This past week, the U.S. Court of Appeals for the Fourth Circuit held in Summers v. Altarum Institute that a temporary impairment caused by an injury may be a covered disability under the 2008 Amendments to the Americans with Disabilities Act (“ADAAA”) if the impairment is sufficiently severe to substantially limit a major life activity. This ruling is a marked departure from previous case law which said that temporary conditions, even those lasting up to a year, did not fall within the purview of the ADA.
The employee at issue in the case had fallen getting off of a train, seriously injuring both of his legs. Without surgery, pain medication, and physical therapy, his doctors opined that it would likely be a year before he would be able to walk normally, and with that treatment, it would likely be seven months. The employee requested that he be permitted to work remotely until he was able to walk, but the employer instead encouraged him to take short term disability and then later decided to terminate his employment. The employee sued, alleging his discharge was because of a covered disability.
The Fourth Circuit, in reversing the district court’s dismissal of the claim, said the text and legislative history of the ADAAA show that Congress intended the Act’s definition of disability to “be construed in favor of broad coverage” to the “maximum extent permitted by its terms.” The Court further gave a nod to the Equal Employment Opportunity Commission’s final regulations implementing the ADAAA where they provide that “effects lasting or expected to last fewer than six months can be substantially limiting” for purposes of proving an actual disability.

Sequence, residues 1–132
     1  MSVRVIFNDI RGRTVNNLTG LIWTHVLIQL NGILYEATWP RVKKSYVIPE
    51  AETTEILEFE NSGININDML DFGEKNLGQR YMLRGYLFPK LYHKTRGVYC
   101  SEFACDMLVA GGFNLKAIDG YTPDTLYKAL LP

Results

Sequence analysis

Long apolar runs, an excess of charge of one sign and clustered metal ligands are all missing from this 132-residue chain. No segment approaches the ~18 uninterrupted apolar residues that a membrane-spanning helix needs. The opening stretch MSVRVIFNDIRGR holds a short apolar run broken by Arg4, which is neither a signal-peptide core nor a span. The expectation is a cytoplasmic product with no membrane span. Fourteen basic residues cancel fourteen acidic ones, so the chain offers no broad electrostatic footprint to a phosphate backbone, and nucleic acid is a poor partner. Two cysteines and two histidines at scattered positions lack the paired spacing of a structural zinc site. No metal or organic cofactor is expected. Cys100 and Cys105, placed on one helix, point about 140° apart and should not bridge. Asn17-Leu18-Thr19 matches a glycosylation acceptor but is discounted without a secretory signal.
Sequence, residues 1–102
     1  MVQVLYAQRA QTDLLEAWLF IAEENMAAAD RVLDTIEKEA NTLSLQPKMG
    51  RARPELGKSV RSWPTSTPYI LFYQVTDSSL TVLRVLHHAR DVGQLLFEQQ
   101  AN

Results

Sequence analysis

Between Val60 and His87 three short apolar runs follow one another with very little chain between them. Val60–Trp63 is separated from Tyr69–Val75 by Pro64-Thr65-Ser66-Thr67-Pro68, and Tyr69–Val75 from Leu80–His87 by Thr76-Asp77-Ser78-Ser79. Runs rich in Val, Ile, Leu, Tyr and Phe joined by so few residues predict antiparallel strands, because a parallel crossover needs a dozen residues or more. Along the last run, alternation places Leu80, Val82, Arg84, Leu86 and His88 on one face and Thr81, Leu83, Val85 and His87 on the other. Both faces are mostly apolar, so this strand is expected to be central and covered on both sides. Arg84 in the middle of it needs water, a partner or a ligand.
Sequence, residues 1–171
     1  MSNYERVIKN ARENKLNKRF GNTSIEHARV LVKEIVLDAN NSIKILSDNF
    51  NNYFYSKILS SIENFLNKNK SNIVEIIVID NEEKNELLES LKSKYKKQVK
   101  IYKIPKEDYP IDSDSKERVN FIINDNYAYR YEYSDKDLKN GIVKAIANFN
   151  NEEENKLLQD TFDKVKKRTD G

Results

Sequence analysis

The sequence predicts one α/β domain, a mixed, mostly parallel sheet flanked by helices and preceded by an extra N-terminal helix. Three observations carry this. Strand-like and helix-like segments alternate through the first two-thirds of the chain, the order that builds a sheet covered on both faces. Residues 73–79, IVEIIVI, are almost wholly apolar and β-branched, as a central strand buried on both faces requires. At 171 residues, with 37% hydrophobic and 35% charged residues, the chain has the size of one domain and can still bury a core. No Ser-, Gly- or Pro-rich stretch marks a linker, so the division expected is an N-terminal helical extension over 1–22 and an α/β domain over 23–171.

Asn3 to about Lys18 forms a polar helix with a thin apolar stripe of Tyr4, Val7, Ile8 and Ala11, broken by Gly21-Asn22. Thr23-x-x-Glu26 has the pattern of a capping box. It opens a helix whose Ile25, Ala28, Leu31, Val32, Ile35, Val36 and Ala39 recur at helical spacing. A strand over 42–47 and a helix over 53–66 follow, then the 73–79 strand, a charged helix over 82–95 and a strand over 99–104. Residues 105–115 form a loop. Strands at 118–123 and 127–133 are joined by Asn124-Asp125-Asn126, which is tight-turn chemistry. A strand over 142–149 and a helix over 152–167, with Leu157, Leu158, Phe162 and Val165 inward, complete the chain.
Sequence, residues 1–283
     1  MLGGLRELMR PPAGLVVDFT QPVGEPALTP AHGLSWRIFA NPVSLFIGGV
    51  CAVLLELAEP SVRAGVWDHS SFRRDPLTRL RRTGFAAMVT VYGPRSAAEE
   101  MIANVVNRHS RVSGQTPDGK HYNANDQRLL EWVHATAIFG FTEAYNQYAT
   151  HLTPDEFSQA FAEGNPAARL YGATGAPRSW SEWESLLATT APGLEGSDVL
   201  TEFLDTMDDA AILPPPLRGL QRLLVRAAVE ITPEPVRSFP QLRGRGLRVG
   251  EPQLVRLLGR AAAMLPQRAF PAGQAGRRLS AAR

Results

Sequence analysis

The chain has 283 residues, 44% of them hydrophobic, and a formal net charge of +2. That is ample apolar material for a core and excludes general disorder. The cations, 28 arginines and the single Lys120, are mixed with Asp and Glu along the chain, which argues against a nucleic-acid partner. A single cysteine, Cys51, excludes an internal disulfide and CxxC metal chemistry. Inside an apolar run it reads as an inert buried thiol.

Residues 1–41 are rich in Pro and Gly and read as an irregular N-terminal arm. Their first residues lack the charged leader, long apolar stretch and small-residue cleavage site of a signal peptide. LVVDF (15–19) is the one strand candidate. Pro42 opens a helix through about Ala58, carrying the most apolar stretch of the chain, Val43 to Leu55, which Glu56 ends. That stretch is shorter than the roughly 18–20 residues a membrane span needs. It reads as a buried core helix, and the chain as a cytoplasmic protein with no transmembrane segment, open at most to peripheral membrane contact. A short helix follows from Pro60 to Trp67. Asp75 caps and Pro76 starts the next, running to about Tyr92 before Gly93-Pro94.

The Court held that although the duration of the impairment is one factor to be considered, the severity of the impairment was also important. The more severe the impairment, the shorter the duration needed for the impairment to substantially limit a major life activity. The Court therefore reasoned the employee was substantially limited in the major life activity of walking, even though he would eventually be able to walk again, and that he had “unquestionably alleged a ‘disability’ under the ADAAA sufficiently plausible to survive a Rule 12(b)(6) motion.”
Notably, the Fourth Circuit is the first federal appeals court to apply the ADAAA’s expanded definition of disability to include temporary impairments. The ruling confirms that under this expanded definition, the question of whether a disability exists is not going to be a big hurdle for a plaintiff in these cases. Also notable is that the Court did not address the employer’s decision not to accommodate the employee’s request to work from home because the employee did not raise the reasonable accommodation issue on appeal. Nevertheless, the decision raises the importance of the reasonable accommodation dialogue over and above the question of a covered disability in the post-ADAAA era. Employers should remember that questions under the ADAAA need to be looked at on a case by case basis, and generally involve risk.